“Its simply horrendous Dr Modak, today the vegetables we eat are mostly contaminated. They carry heavy metals, carcinogenic compounds and bacteria like E Coli. You think that eating leafy vegetables is healthy, but it is actually contrary. And remember, mere washing does not help”

He read out some worrisome statistics from the report. His voice was raising. I could sense that he was getting angry.

I said “Don’t you worry Professor. I have installed a vegetable purifier in the kitchen that generates ozone to treat the vegetables and gets rid of the contamination. Why don’t you take a look? There is always a solution to the problem”

Professor did not give up. He screamed  “That’s not the solution Dr Modak. You have to address the source of contamination. People like you are responsible as you don’t protest – you keep shut and never get angry”

But the Professor did relish the Jaal frazie along with pudina paratha during lunch that my wife served. He couldn’t resist. While going home, he took the flyer I had on the ozone based vegetable purifier. He was going to show to his wife. I was happy that Professor was learning how not to get angry and accept the solutions of Type II.

Many of us know now how we should live life if you don’t want to waste your energies in getting frustrated, becoming angry and losing in the process your peace of mind. By simply becoming angry you are not going to solve the mess around that we live in.

After all, as many of our sages say, what we see, breath, eat and drink is not real – its all “mithya” – something untrue, imaginary or spurious. We should not attach ourselves and get emotional to the problems of pollution, poverty and injustice that we see.

Indeed, there is no point to get angry.

The world around is not going to change.

Or will it?


Cover image sourced from https://in.pinterest.com/pin/324329610640584269/?lp=true


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A World Without Money

 

Lord Kubera (God of Wealth) was reading an article published on the failed demonetization in India. He was amused to learn that Mr Modi, the Prime Minister shook India’s economy by cancelling 500 Rs currency notes, overnight.

Quite a bold step. Lord Kubera said.

But when he spoke about the demonetization to Lord Mahadeva (The supreme God of destruction), Lord Mahadeva smiled.

“Well the real bold step could have been to scrap money all over the world.  Imagine the world with no money. But that’s not easy for the humans. Even if Modi, Putin and Trump were to agree and work  together, they wont be able to make money vanish from this world.  But I can simply make the money disappear by opening my third eye”

[Lord Mahadeva is usually known for His third eye. The eye which emits flames and burns things to ashes. Shiva’s third eye is also sometimes known as the eye of wisdom. The right and left eye represent His activities in the physical world while the third eye symbolises His spiritual wisdom and power].

Kubera pleaded Lord Mahadeva that this bold step be taken only as a pilot. The world may be restored with money once again if the pilot was found to be unsustainable. Lord Mahadeva agreed and opened his third eye. And money across the world disappeared!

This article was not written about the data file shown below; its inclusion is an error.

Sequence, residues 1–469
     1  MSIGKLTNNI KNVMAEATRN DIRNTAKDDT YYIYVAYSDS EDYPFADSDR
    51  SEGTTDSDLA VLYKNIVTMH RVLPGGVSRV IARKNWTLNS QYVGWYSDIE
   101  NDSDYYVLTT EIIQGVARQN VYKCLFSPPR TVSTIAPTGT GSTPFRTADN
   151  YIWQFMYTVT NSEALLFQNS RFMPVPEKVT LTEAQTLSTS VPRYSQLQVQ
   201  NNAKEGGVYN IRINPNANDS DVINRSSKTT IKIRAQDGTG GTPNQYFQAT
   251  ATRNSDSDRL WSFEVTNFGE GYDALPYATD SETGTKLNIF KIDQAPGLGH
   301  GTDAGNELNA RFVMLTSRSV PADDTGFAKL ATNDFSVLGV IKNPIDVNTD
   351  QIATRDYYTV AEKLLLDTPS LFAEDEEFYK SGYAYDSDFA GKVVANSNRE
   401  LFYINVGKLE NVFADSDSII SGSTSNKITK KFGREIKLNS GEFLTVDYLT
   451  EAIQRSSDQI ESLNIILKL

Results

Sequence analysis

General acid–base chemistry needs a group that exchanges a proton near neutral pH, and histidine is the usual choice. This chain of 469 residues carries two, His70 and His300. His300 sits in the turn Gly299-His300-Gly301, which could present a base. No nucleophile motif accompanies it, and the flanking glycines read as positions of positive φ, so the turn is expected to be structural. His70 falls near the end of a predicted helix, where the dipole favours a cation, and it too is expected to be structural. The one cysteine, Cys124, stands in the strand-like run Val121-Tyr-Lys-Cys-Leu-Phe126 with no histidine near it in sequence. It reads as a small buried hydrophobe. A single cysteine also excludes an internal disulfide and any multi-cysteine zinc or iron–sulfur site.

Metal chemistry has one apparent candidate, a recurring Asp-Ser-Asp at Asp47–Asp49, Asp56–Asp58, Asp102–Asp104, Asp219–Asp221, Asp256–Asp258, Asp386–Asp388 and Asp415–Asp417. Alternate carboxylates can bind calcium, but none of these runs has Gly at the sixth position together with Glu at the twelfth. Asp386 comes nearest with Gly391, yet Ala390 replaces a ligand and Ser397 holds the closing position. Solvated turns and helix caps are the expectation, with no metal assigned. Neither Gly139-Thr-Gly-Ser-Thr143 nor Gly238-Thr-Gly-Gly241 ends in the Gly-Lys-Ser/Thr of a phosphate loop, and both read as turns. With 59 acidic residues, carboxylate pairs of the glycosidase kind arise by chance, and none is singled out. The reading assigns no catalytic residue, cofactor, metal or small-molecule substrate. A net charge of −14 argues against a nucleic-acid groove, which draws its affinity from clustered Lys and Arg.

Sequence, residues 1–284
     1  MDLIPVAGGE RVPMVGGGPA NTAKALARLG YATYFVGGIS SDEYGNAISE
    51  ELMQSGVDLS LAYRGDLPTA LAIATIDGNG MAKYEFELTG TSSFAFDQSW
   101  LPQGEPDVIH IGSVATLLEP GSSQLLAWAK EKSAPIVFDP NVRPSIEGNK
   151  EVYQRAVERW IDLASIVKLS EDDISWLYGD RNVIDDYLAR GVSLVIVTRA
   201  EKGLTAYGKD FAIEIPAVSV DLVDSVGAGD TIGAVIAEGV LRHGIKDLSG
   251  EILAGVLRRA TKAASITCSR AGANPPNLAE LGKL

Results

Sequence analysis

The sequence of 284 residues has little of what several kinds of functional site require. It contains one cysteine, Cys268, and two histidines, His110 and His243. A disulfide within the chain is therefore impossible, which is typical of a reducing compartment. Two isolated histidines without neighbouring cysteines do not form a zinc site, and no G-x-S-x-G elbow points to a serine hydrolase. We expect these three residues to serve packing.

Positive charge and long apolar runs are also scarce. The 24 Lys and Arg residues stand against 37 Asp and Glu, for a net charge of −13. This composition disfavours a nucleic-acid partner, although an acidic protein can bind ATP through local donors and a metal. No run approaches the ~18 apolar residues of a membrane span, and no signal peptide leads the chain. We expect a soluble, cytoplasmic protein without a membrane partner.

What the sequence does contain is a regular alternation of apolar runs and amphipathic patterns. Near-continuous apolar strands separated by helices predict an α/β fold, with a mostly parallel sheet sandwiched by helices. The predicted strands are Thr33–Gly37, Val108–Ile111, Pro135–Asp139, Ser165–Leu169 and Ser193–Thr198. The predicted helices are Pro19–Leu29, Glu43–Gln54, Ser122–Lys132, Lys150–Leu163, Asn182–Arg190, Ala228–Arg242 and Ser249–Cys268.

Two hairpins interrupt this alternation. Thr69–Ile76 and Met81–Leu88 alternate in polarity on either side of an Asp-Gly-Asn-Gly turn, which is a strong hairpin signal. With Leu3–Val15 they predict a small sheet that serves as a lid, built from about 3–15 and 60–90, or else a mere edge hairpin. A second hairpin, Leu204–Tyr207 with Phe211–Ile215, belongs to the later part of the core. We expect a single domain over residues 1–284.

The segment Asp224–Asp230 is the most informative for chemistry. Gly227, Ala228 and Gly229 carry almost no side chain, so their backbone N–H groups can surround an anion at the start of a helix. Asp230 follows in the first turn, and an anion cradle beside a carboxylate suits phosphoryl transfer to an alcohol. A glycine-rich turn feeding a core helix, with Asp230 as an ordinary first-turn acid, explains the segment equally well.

I walked to a coffee shop. The girl at the counter gave a warm smile while offering me a hot cup of cappuccino. But when I pulled out my wallet, she said that I did not have to pay any money as concept of money did not exist now. She gave me two options.

One – I could work as a waiter every day for 1 hour in the café and enjoy two cups of free coffee. Option two was to help in the kitchen for three hours on a Saturday when there was a peak of customers. I agreed for the second option.

When I finished my coffee, the girl said “have a nice day Sir. But don’t forget to come to the kitchen this Saturday. There will be three more “volunteers” like you. Coffee lovers in our neighborhood are very kind and helpful to us”. I was convinced that going to the coffee shop on the Saturday was going to be fun in my otherwise dull life.

For a long time, I wanted to buy a bigger house. So I called my estate agent to check if there was any good deal. “Oh Dr Modak” he said, “there are no financial deals now as the money has disappeared. But why don’t you try your luck at the heritage bungalow of Mr Fernandes in Bandra? Its free to live as Mr and Mrs Fernandes want that in exchange they get a decent tenant to take care of them and make their life warm and lovely. That’s not too much to ask isn’t it? Their son John left them some 20 years ago by migrating to the United States and they terribly miss his company. The old couple is taking interviews and if they like you, which they most probably would, they will let you stay in the bungalow with no rent to pay!”

Oh if the money vanishes and if we remain nice to people, then the homelessness in this world will end. I mused to myself.

My wife told me that now there will be no theft crimes. You won’t have to lock your house as no one may be interested to steal your stuff. You can have as many or as few of the things you want. You will consume only when you need – and perhaps just the everyday things of your life. You will live a sustainable life – good for this planet – I thought.

The wife continued while pouring a wine in my glass.

You won’t need money to travel, eat or acquire things. Just go and get them. They aren’t only for the rich or elite anymore. We’re all rich now.